An award-winning historian and museum curator tells the story of his Jewish immigrant family by lovingly reconstructing its dramatic encounters with the memory-filled objects of ordinary life.
At a pushcart stall in East New York, Brooklyn, in the spring of 1934, eighteen-year-old Sarah Schwartz bought her mother, Shenka, a green, wooden-handled bottle opener. Decades later, Sarah would tear up telling her son Richard, “Your bubbe always worked so hard. Twenty cents, it cost me.”
How could that unremarkable item, and others like it, reveal the untold history of a Jewish immigrant family, their chances and their choices over the course of an eventful century? By unearthing the personal meaning and historical significance of simple everyday objects, Richard Rabinowitz offers an intimate portrait connecting Sarah, Shenka, and the rest of his family to the twentieth-century transformations of American life. During the Depression, Sarah—born on a Polish battlefield in World War I, scarred by pogroms, pressed too early into adult responsibilities—receives a gift of French perfume, her fiancé Dave’s response to the stigma of poverty. Later we watch Dave load folding chairs into his car for a state-park outing, signaling both the postwar detachment from city life and his own escape from failures to be a good “provider” for those he loves.
Objects of Love and Regret is closely wedded to the lives of American Jewish immigrants and their children, yet Rabinowitz invites all of us to contemplate the material world that anchors our own memories. Beautifully written, absorbing, and emotionally vivid, this is a memoir that brings us back to the striving, the dreams, the successes, and the tragedies that are part of every family’s story.
Could the flood of memories that for Proust became Remembrance of Things Past have been stirred not by the taste of a tea-soaked petite madeleine—but instead, as in historian Richard Rabinowitz’s deeply moving family memoir, Objects of Love and Regret: A Brooklyn Story, by the accidental discovery of a nearly century-old wooden-handled bottle opener?…His tenderly detailed evocation of times that are no more remind us that we, too, have the tools to pry open the past and revive what we thought we had forgotten.
Rabinowitz is artful in drawing out the memories and meanings they elicit. Perhaps even more valuable is his encouragement to the rest of us to examine our material world, and to follow his lead.
It’s a fascinating read; distinct from books about extraordinary immigrant dynasties like Hadley Freeman’s House of Glass. But that’s what makes it captivating. It could be my family, or yours, one of thousands and thousands of similar stories that make up the tapestry of diaspora history.
[Rabinowitz] uses ordinary objects to tell extraordinarily meaningful stories on the complex forces and psychological consequences of history, trauma, economics, cultural values, and societal norms that profoundly shaped his family over the 20th century…Timeless.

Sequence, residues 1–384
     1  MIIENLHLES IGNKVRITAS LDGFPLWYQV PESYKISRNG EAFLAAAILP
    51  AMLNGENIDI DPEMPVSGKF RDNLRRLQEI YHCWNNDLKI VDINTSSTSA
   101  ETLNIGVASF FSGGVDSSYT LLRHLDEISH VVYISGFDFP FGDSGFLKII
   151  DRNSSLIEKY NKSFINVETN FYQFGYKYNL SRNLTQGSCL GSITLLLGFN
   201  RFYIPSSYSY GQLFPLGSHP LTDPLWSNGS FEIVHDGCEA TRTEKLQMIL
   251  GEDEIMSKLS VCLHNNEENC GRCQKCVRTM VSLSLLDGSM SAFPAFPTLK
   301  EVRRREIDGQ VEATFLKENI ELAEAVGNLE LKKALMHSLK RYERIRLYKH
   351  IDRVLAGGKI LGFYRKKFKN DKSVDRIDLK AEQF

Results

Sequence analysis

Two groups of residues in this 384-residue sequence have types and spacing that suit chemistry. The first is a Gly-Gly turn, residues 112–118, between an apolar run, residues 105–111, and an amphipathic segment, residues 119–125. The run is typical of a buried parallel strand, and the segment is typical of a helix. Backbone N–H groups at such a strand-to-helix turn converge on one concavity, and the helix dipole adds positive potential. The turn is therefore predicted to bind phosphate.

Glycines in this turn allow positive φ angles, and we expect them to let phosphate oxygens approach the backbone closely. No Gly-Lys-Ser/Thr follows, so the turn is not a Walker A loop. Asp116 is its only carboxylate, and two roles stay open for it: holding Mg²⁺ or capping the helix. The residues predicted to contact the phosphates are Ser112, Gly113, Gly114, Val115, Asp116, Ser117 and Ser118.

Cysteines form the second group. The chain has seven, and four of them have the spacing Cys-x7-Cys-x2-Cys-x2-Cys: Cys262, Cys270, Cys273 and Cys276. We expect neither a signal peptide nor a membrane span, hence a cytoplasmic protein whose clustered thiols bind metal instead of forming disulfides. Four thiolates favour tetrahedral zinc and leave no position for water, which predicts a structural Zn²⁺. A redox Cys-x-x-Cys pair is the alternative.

Rabinowitz has a poetic approach to viewing the past…[This book] serves as a way for readers—particularly young readers who never knew this generation—to understand the choices they made, and how those choices still affect their children and grandchildren.
The tale of a bottle opener found in a kitchen drawer opens worlds of domestic, immigrant, family, and economic history. This is a book about how the past lives in us, even as we resist it or are unaware of it. Rabinowitz is a storyteller of rare verve and insight, offering us delight, discovery, and an honest account of joy and pain.
Too many memoirs only look inward. The wiser memoirists realize that your life is about the you who observes and embraces the world. In Objects of Love and Regret, Rabinowitz is a historian of the heart who uses ordinary objects to tell the story of his family. Fittingly, he begins with a bottle opener purchased by his mother, which becomes his instrument for opening everything as only he can. This scrupulous, meditative writer generously gives us lives that matter.
I can’t praise this marvelous book enough. Poignant and moving, it is at once a personal tribute and a work of history. Rabinowitz creates meaning through everyday objects that illuminate the inner life of a single family and the culture that surrounds it. It is one of the most interesting and original books I have read on American Jews and the city of New York.
Objects of Love and Regret welcomes us, outsiders, to the inner life of an Eastern European Jewish family in New York. A work of serious historical detection, it drives home an important point. History need not be about strangers, but can just as powerfully be about those who raised us but whose stories we actually never knew. Everything triggers historical inquiry, even an ordinary bottle opener.
Rabinowitz recognizes how the extraordinary lurks in the ordinary, and in this imaginative and eloquent book he musters common domestic objects in the lives of his Eastern European Jewish immigrant family to tell a story that, while it does not contain all of America, contains an important and powerful part of it.
- 352 pages
- 5-1/2 x 8-1/4 inches
- Belknap Press
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